The should be more books written about how to get free stuff. If there were, they would probably be written by a lot of the customers that I have served. This is not a new subject for me to write about, but it keeps happening to me, and in different ways.
Most recently, I was serving (what I thought was) a fun four top. Two couples that were either from the U.K. or from "Down Under." Sorry, but sometimes it does get tough to distinguish the two accents. The only thing that really makes me tell them apart is that British people tend to be overly polite, and Aussie's tend to be overly friendly. But in the end, both cultures tend to be overly bad tippers.
However, I wasn't focused on the outcome of the situation, but rather on making sure all of my tables were having a good time, and if necessary, overtly telling them that GRATUITY IS NOT INCLUDED. But at this point in the service, everything was great. The couples were enjoying themselves, drinking some wine, and showing no signs of discontent.
But that was just one half of the restaurant. Let me briefly describe what was happening on the other side of the restaurant. That half was bought out for the evening for a private party. Meaning that one half of the restaurant was being used for regular dinner service, and the other half was being used for the private party, that was being served by banquet staff. There wasn't a lot of people at the party. They were using both the patio and the north half of the restaurant. You could tell there was a party going on, but it wasn't like it was so loud that you couldn't hear the person that was sitting across from you at your table.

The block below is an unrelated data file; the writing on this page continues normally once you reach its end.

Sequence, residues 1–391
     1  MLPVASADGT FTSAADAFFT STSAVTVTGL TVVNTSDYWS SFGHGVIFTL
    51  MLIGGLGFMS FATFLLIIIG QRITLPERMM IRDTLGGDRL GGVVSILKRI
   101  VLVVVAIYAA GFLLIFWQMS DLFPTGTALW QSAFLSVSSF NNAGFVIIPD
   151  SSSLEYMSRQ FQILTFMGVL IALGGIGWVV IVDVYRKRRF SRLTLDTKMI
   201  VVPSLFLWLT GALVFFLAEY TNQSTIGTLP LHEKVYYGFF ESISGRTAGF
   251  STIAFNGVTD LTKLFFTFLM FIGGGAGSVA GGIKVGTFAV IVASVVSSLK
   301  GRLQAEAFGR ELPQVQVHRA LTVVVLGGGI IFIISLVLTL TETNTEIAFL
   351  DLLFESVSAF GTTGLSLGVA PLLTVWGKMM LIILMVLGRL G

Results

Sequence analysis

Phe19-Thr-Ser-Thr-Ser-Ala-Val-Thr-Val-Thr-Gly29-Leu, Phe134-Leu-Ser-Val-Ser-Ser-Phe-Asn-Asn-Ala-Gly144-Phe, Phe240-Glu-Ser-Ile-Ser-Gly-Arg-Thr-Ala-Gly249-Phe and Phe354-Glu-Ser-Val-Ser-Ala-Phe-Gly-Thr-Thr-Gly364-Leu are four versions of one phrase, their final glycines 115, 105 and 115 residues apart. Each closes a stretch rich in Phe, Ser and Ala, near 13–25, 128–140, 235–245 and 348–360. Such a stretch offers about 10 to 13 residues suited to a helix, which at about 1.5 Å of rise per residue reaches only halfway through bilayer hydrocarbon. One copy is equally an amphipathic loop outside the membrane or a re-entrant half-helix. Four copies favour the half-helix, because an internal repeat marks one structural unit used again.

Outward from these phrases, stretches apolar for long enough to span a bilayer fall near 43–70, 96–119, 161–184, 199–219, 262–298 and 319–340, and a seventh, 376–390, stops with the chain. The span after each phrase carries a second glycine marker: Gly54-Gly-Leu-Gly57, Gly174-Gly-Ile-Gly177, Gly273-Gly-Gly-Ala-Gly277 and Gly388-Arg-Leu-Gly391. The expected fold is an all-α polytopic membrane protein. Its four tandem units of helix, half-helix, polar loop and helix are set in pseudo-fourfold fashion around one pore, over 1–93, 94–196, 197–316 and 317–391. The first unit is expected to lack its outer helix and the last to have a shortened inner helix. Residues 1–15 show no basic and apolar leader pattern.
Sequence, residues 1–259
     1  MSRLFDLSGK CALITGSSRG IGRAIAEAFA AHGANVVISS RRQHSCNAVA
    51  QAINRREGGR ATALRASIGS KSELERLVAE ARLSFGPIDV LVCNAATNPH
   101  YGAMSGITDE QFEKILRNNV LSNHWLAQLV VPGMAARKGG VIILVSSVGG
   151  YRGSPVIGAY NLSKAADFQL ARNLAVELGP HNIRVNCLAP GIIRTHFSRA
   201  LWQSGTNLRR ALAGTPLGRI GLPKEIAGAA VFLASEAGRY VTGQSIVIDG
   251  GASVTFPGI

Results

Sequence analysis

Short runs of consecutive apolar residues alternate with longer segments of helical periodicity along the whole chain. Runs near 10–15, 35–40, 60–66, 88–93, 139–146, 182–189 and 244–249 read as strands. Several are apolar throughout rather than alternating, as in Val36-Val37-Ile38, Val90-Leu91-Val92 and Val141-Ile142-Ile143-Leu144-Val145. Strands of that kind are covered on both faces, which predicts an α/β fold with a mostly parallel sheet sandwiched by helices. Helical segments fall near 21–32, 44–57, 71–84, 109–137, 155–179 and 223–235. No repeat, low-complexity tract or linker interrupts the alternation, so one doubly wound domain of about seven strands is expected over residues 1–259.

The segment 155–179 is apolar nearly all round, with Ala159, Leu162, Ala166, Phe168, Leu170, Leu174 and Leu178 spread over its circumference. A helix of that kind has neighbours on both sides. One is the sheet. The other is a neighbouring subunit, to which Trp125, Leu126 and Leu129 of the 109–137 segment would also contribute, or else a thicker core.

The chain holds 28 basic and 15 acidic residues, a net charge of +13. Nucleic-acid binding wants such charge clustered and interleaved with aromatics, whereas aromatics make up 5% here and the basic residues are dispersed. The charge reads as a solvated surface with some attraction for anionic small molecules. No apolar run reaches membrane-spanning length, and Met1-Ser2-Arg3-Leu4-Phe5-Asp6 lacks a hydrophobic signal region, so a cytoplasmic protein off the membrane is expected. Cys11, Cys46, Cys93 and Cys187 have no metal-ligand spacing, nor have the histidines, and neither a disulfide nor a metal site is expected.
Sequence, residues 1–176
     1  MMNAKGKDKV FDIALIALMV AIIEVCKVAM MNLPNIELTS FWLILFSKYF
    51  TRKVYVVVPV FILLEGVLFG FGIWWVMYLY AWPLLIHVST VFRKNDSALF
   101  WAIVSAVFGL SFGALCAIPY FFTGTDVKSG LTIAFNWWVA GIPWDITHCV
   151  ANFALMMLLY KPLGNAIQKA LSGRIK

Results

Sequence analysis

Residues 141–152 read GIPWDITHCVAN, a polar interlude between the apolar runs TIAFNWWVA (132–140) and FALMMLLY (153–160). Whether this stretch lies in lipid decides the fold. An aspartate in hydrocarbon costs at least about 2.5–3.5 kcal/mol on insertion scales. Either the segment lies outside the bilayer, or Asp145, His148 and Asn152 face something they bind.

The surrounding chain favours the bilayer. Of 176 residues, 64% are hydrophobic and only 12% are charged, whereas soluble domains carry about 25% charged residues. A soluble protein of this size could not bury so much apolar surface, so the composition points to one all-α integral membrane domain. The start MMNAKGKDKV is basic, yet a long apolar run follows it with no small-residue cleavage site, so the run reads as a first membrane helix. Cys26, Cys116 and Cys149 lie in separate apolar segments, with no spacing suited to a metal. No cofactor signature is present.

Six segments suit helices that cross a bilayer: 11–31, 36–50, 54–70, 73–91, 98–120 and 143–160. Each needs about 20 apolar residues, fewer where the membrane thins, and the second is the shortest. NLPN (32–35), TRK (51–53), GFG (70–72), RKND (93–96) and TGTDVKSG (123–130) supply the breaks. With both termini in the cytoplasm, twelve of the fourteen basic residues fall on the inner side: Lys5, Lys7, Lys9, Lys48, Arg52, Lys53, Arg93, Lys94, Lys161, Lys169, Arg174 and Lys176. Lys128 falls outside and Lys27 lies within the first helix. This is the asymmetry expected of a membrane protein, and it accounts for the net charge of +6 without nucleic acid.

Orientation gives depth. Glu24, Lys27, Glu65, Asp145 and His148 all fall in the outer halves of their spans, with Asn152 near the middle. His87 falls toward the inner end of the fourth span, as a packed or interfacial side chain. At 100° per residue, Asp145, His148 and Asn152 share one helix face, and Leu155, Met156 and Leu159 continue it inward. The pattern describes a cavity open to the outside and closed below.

I had other tables as well as my four top of alleged Brits/Aussies. Not a complaint in the house. My foreign-four-top finishes their entrees, doesn't want dessert, so I finish pouring off their wine, and let them know to not feel rushed and enjoy the rest of their wine. They loved that. At this point, I briefly excused myself to go use the bathroom. Upon my return, my co-worker had dropped their check, I saw that they were signing it to their hotel room, and everything appeared to be fine. So, like I stated before, it appeared like it was a successful night. These types of nights are usually good for my wallet, and my temperament, but bad for my blogging. (Like you guys want me to write about something good...)
I end up getting a bit busy with some new tables, until I see my manager with the check from my foreign-four-top at the computer.
"What are you doing with that? Did they not tip me?" I asked. Sometimes management will be able to work some magic to get their servers some kind of compensation.
"They complained that the noise from the party next door ruined their eventing," my manager stated. "Our hotel manager overhead this, stepped in, and decided to comp their entire meal to make them happy."
"It was a $300.00 check?! They never complained the entire time they were here with me."
"You didn't do anything wrong. They felt the noise and the amount of people here ruined their night," he said.
No one else cared about any noise except this table. And they would have rather dined at an unsuccessful, slow restaurant, then one that is alive. But who am I to complain about them, they just showed how to get a free meal... and an expensive one at that. Oh, and they succeeded in not tipping me.
Until next time... Server's don't pay their rent with compliments.
"Bitter. Party of 1? Your table is ready."
The Bitter Bistro
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